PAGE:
How do we avoid bumping into each other?

One of the minor mysteries of life preoccupies me whenever I walk down a crowded street. How is it that we politely weave in and out of dozens of people without so much as an elbow touch? We are like birds in the sky. Or are we? Many species fly in formations that are a wonder of the skies. We humans are not so wondrous. Yet we do preserve a similar small, well gauged distance as we pass by each other on the pavement or walk purposefully toward a common destination, each at our own pace.

As I walk down Oxford Street in London or negotiate the ticket office in a crowded railway station I observe that we ‘take-in’ other people, judge distance perfectly and all seemingly done on reflex. Whichever country I am in, and I travel a lot these days, (maybe even too much) I note the self-same phenomenon, whether in a small village or in a busy city’s CBD. How do we do this? Magnetism? A special 8th sense? If so, then our special antennae are hidden unlike those physical tools of other species (think snails here). Or has thought and judgement occurred but with such rapidity that we are quite unconscious of having made any observation.

But we have made numerous observations – we have made and avoided eye contact, noted a sexy figure, the colour of a jacket, the holes in a jumper of a passer-by. Faces may reappear in dreams that we would have sworn we had not noticed at the time. We have assessed class; financial wealth or absence; city, country or suburban style; business grooming or designer stubble; architect or cashier profession – and all in a glance that we are unaware we have made.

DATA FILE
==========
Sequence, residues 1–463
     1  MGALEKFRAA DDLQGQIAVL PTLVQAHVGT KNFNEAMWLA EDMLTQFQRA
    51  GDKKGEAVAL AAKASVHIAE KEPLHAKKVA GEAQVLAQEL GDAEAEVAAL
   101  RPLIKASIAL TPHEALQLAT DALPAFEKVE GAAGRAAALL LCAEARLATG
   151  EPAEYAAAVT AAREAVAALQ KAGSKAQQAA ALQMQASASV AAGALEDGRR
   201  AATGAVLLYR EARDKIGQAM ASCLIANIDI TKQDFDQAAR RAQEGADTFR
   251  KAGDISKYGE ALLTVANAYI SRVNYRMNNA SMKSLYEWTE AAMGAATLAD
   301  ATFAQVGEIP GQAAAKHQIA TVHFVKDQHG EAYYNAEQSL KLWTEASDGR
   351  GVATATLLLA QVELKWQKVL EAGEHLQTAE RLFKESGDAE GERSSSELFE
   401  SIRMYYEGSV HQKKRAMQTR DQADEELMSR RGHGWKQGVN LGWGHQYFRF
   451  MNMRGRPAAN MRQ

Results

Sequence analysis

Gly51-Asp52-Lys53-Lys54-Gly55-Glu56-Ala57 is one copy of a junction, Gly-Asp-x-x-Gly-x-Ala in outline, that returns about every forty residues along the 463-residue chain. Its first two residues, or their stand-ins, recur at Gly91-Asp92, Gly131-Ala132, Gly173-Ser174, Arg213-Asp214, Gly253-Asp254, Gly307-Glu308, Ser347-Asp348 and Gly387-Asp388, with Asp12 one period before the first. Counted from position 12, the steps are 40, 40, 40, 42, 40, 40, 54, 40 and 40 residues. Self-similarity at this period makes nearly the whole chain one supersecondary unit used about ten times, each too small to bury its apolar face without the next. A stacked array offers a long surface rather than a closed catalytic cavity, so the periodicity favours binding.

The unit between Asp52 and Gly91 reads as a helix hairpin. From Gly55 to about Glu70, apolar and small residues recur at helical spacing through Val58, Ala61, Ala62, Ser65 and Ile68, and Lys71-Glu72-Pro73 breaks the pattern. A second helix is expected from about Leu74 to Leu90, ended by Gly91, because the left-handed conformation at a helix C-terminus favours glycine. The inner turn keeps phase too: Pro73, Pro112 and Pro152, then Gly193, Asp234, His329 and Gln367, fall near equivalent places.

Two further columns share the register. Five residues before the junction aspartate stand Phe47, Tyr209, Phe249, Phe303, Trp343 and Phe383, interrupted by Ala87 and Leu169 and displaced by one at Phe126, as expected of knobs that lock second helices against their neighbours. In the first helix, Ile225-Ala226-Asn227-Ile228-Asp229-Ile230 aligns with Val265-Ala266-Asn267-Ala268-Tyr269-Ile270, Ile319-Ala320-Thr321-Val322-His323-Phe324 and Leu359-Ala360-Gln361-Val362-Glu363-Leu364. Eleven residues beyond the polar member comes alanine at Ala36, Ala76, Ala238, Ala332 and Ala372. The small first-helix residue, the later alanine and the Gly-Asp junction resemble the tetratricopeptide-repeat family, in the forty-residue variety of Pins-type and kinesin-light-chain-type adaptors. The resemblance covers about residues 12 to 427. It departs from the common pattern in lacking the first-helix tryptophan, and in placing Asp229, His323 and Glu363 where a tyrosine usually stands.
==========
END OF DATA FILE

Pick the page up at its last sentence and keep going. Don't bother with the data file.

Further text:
This all works when there is some cultural consistency or cultural familiarity on the city’s pavement or on the village street. But what happens when there is a cultural mix of people who do not have that familiarity? Then we naturally become on physical alert. We must be careful not to bump or knock, not to catch an eye, should return a smile, calculate a suitable distance by turning toward or away. And we do not know we are doing any of this, unless we have miscalculated and need to embarrassedly apologise to a stranger for some social infringement that we do not know we have committed.

So I conclude that the way in which we are like the birds of the sky is a “learnt” behaviour. It is one that has to be re-learnt whenever we encounter a mix of human groups mingling together who have not yet internalised the new norms. The mystery remains unsolved. How and why do we learn all this?


About veritytraveller

My professional personal website is This blog is a more personal set of reflections on life and art, art and life.
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